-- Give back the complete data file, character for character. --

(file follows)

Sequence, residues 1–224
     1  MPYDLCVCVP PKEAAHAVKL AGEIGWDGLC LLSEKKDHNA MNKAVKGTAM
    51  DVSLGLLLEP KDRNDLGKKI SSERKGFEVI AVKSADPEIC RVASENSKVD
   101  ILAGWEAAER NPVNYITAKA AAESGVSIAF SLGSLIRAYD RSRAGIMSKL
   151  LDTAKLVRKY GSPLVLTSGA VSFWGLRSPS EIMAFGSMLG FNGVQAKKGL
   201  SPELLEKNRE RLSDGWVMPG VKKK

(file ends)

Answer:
Sequence, residues 1–224
     1  MPYDLCVCVP PKEAAHAVKL AGEIGWDGLC LLSEKKDHNA MNKAVKGTAM
    51  DVSLGLLLEP KDRNDLGKKI SSERKGFEVI AVKSADPEIC RVASENSKVD
   101  ILAGWEAAER NPVNYITAKA AAESGVSIAF SLGSLIRAYD RSRAGIMSKL
   151  LDTAKLVRKY GSPLVLTSGA VSFWGLRSPS EIMAFGSMLG FNGVQAKKGL
   201  SPELLEKNRE RLSDGWVMPG VKKK